Away from the pubs, restaurants, shops and rivers, a visit to Salisbury is not complete without visiting the medieval Cathedral. The 404 foot (123 metre) high spire is visible from every direction souring into the skyline as you approach the city. The cathedral is over 750 years old and houses one of only four original Magna Carta’s in the world (AD1215) and Europe’s oldest working clock (AD1386).
For the more adventurous, visitors can explore the roof spaces of the Cathedral on a tower tour which affords the intrepid magnificent views across Salisbury’s rooftops and beyond. The 332 steps to the base of the spire are not for the fainthearted (or people suffering from vertigo), but to stand at the base of the spire looking upwards and outwards ensures a visit to the Cathedral will not be easily forgotten.
The Cathedral Close is also home to the Salisbury Museum and an array of open houses and tearooms. During the summer months the Close buzzes with students, families and workers on lunch breaks as they picnic and sunbathe in the shadow of the spire.
My visit coincided with the twice weekly market (Saturday & Tuesday), and allowed me to potter amongst the stallholders offering fresh produce direct from their farms, clothes, jewellery, gifts and stationery to name a few. The market square has also undergone a face lift in the years of my absence and many cafés now have tables on the market square allowing alfresco dining and bringing a more cosmopolitan feeling the centre of the town.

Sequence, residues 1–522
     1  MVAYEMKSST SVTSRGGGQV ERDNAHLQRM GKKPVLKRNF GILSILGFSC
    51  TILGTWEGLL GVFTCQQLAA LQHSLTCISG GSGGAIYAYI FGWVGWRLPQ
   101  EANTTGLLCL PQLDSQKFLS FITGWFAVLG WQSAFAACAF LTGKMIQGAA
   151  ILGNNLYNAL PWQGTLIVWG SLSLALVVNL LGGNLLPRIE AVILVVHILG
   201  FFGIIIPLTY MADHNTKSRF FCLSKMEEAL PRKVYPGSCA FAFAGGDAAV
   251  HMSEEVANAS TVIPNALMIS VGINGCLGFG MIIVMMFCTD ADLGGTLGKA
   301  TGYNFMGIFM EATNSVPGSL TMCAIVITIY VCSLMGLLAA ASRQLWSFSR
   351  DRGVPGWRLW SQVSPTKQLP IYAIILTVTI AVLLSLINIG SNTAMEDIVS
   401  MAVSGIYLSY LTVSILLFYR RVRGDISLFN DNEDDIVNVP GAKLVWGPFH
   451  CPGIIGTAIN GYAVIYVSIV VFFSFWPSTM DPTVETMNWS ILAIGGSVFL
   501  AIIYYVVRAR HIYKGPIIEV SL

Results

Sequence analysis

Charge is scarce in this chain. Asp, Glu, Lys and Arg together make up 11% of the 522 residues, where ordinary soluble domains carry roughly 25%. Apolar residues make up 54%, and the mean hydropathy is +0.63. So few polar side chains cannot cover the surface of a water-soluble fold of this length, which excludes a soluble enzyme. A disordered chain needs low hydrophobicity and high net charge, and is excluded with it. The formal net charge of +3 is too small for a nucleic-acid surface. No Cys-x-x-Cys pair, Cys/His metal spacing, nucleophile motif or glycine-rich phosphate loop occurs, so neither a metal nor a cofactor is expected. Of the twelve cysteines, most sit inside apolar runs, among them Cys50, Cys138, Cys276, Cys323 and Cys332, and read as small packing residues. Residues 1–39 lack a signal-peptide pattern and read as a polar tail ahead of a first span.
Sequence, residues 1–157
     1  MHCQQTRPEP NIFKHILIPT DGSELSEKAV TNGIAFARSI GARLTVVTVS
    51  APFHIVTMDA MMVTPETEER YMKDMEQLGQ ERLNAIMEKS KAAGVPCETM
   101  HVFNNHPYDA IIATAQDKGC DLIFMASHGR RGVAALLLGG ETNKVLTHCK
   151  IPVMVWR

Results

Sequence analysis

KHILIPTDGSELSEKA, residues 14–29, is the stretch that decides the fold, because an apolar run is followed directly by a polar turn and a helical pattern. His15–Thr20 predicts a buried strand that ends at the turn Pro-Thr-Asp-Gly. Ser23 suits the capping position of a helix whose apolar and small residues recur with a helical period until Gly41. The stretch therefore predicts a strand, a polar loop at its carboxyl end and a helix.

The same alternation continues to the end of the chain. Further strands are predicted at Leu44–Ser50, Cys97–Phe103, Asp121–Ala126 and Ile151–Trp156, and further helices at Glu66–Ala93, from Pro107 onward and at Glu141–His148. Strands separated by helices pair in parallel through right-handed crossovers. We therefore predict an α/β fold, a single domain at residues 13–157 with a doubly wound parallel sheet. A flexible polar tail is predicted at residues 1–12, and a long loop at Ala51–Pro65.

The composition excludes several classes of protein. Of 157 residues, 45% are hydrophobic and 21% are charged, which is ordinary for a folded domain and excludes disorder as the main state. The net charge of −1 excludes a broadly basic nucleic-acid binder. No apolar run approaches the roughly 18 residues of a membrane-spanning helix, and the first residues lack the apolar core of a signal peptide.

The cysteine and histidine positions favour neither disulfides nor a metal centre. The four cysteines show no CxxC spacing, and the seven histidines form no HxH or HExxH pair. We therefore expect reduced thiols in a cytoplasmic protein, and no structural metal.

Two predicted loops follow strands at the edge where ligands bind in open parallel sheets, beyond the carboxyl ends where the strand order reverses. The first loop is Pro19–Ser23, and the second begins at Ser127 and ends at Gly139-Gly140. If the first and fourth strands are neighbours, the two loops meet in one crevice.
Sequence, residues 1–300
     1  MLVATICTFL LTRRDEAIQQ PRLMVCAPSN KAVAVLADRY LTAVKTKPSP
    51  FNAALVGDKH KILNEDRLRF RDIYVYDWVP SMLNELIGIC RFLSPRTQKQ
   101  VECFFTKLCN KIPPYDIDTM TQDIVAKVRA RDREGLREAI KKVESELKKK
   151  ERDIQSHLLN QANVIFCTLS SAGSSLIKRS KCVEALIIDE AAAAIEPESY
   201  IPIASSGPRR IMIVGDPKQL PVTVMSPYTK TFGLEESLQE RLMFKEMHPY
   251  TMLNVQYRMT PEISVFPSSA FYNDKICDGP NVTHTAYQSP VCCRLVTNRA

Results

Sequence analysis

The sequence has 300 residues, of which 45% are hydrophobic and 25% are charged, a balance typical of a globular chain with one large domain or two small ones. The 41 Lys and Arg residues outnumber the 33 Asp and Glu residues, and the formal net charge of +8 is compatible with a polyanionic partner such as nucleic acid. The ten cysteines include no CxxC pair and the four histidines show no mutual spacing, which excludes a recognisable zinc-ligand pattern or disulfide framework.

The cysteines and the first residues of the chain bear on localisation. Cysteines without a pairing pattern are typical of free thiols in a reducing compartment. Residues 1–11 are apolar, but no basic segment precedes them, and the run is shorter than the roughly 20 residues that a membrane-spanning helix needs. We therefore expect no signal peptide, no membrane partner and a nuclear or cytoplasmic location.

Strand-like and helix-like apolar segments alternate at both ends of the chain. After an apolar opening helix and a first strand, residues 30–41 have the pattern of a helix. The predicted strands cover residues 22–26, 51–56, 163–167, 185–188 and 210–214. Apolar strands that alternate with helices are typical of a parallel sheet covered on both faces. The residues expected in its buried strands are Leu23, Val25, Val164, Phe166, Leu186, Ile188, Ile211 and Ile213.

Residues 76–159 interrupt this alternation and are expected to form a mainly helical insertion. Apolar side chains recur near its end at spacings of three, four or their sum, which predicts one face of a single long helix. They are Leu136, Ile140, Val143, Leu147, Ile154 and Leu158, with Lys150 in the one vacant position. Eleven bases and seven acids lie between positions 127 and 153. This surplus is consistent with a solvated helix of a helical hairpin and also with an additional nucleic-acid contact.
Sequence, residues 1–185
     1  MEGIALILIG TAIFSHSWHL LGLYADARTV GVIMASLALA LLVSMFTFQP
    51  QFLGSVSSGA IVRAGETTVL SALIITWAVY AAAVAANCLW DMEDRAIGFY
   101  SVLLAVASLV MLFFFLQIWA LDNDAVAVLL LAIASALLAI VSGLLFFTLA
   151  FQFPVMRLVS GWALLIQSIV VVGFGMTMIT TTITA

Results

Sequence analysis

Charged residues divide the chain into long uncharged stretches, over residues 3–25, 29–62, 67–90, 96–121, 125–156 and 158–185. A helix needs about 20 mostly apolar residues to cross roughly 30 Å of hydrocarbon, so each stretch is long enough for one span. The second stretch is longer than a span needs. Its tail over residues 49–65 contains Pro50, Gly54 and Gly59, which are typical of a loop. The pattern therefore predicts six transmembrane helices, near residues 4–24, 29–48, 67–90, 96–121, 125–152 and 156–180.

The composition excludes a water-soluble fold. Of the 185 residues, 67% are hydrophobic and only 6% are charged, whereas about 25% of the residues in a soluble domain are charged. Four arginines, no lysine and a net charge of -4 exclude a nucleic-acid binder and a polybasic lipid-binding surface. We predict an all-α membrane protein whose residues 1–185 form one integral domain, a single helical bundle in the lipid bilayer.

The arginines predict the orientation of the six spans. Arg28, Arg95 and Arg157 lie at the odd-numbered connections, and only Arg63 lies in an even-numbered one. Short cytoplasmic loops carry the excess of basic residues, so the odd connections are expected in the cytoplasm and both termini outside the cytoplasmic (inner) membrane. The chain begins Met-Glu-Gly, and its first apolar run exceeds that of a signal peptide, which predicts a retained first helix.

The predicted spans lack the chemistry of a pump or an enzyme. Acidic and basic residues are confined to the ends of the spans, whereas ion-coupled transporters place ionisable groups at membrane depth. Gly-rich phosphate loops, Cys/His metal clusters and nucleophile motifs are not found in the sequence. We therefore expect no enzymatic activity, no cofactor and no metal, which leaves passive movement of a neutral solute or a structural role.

For more affluent visitors, The Lazy Cow (Kings Arms Hotel & Chapter House) in St Johns Street is definitely worth a visit. The faux cow hid seat covers, the cow shaped milk pots and the superb Black Angus prime steaks offer a first class and unique dining experience, but one that is not affordable to everyone. Nonetheless, I indulged myself with a much needed pot of tea and soaked up the atmosphere whilst indulging in my favourite pastime of people watching the clientele.
As I drove away from Salisbury, my overriding impression was how much it had changed over the past 5 or 6 years, but changed for the better. It had a real buzz to it, it bustled with locals and tourists and the once shabby areas of town are rejuvenated offering locals a great independent shopping experience which was once lacking. Salisbury is definitely still a tourist destination and rightly so, but the balance between catering for tourists and neglecting the locals has been addressed with street cafés, gallery’s, art and craft venues, foreign cuisine and independent shops injecting life into the beautiful city. The future of Salisbury looks bright, and the town has a lot to be positive about. I for one will be visiting again.
Nearest airports: Bournemouth or Southampton (approximately 50 minutes’ drive time)
Train time from London: approximately 1.30 hours (Waterloo)
Additional excursions (within 1 hours drive time):
- Wilton House & Gardens (stately home)
- Old Sarum Castle (Iron Age hill fort and site of first Salisbury cathedral)
- Salisbury Race course (salisburyracecourse.co.uk for information on race meeting dates)
- Longleat House & Safari Park (stately home)
- Stourhead Gardens
- The New Forest
- The Old Mill 01722 327517
- Best Western Red Lion 0845 373 0775
- Cathedral View B&B 01722 502254
- Cricket Fields Hotel 01722 322595